A massive sandstorm that began April 1, 2015 on the Arabian peninsula spread over the next five days into Pakistan and India. These images were taken by the Suomi NPP satellite's VIIRS instrument between April 1 and 6, 2015. (Source: NOAA Environmental Visualization Laboratory.) It began relatively modestly as a few plumes of sand blowing out of the northwestern portion of the Arabian Peninsula. Within less than a day, it had transformed itself into a monster. Or, more accurately, a gargantuan "haboob" — a sandstorm that ultimately swept down the entire peninsula and all the way across the Arabian Sea to Pakistan and India.
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From April 1 through April 6, the sand moved across an area that by my estimation totaled about 2.4 million square miles. By comparison, the contiguous United States measure 2.9 million square miles.
Source: NASA You can watch the progress of the sandstorm in the animation above consisting of images acquired by the Suomi NPP satellite. (The acquisition dates for each image are listed in the lower right corner. Also, the first and last images in the animation pause longer than the others.) For an image showing the haboob's relatively humble beginnings in the northwestern part of Saudi Arabia, click on the thumbnail at right. I've circled the area in question. As it grew and gained force, the sandstorm caused quite a bit of mayhem. As described by the Cooperative Institute for Meteorological Satellite Studies:
The blowing sand reduced surface visibility to near zero at some locations, disrupting ground transportation, air traffic, and also closing schools. Visibility was reduced to 0.1 mile for several hours at Dubai International Airport . . . which is one of the world’s busiest in terms of volume of flights.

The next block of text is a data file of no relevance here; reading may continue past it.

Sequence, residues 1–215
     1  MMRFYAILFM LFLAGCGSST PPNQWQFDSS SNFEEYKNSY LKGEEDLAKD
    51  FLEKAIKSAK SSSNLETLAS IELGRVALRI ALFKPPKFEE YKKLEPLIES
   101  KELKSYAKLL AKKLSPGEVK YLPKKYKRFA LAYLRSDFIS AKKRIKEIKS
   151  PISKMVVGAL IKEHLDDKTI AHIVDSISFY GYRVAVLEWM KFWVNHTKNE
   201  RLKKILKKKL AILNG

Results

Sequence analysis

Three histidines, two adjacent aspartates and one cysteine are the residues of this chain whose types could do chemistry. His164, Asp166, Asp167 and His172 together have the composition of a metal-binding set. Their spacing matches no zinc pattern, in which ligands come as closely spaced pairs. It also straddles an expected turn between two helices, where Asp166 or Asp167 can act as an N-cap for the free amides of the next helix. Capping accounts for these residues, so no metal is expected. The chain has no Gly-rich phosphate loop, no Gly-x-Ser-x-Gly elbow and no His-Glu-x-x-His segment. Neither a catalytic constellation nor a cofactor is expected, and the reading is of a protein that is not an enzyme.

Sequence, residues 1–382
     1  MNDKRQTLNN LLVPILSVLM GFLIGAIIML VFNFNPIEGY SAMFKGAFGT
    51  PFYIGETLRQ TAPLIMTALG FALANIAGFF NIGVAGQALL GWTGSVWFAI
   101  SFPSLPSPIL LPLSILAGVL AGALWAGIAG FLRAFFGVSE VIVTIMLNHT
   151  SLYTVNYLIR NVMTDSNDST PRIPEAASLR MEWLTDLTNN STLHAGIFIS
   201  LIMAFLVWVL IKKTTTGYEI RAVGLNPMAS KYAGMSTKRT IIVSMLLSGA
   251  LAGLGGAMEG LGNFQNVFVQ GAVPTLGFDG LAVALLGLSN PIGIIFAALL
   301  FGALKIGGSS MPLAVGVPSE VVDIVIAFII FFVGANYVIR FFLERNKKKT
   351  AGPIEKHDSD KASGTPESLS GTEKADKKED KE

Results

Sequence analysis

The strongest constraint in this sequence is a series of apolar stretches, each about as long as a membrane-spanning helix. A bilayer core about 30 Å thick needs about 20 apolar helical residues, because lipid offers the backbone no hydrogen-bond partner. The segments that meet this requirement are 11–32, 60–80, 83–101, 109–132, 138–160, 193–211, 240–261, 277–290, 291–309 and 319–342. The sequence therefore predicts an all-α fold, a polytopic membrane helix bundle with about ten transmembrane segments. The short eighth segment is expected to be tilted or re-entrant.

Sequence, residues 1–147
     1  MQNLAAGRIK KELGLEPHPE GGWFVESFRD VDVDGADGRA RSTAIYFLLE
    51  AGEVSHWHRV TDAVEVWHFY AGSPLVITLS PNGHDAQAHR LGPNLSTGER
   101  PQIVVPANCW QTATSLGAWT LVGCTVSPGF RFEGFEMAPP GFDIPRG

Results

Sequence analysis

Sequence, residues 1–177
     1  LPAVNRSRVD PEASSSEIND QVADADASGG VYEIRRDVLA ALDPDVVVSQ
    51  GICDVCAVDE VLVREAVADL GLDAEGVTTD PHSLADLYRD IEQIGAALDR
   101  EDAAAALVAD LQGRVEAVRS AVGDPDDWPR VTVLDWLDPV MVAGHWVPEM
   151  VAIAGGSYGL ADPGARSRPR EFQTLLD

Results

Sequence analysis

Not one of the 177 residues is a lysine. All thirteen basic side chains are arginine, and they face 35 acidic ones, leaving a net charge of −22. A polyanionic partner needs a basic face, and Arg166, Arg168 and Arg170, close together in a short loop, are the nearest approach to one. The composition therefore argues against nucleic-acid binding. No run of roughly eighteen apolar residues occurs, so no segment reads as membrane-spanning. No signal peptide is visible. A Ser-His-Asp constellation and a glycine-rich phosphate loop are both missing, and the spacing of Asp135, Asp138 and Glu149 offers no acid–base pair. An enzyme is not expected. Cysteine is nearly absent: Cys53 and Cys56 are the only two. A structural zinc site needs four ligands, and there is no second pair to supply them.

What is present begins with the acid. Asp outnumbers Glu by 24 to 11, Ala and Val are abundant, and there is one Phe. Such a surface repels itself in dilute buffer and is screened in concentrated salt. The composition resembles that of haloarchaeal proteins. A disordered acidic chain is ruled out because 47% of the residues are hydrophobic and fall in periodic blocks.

A nighttime view of the sandstorm acquired by the Suomi NPP satellite at 1 a.m. local time on April 2, 2015. (Source: Cooperative Institute for Meteorological Satellite Studies.) A nearly full moon enabled the Suomi NPP satellite to capture the stunning image above of the arc-shaped leading edge of the sandstorm. By this point, it stretched from the United Arab Emirates (on the right) across Saudi Arabia almost to the Red Sea (on the left). The bright lights visible in the image are towns and cities, including Riyadh, Saudi Arabia's capitol, at the top of the image.
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This image of Saudia Arabia's Rub' al Khali, or Empty Quarter, was acquired on Dec. 2, 2005 by the Advanced Spaceborne Thermal Emission and Reflection Radiometer, or ASTER, aboard NASA's Terra Earth-orbiting satellite. (Source: NASA) The sandstorm swept across Saudi Arabia's Rub' al Khali, or Empty Quarter, seen in the satellite image above. The Rub' al Khali is one of the largest sand deserts in the world, encompassing most of the southern third of the Arabian Peninsula. It includes parts of Oman, the United Arab Emirates and Yemen. The desert covers an area larger than France. Here are some details from NASA's Earth Observatory about the kind of dunes visible in this image:
Large, linear reddish-brown sand dunes alternate with interdune salt flats, or sabkhas. The orientation of the linear dunes lies at a right angle to northwesterly trade winds that originate in Iraq, known as the Shamal winds. Secondary barchan (crescent-shaped) dunes and star dunes—with crests originating from a single point and stretching in several directions—can form atop the linear dunes when southwesterly winds blow during the monsoon season (Kharif winds). The long, linear dunes begin to break up into isolated large star dunes to the northeast and east (image right). This is likely the result of wind pattern interactions and of changes in the sand supply.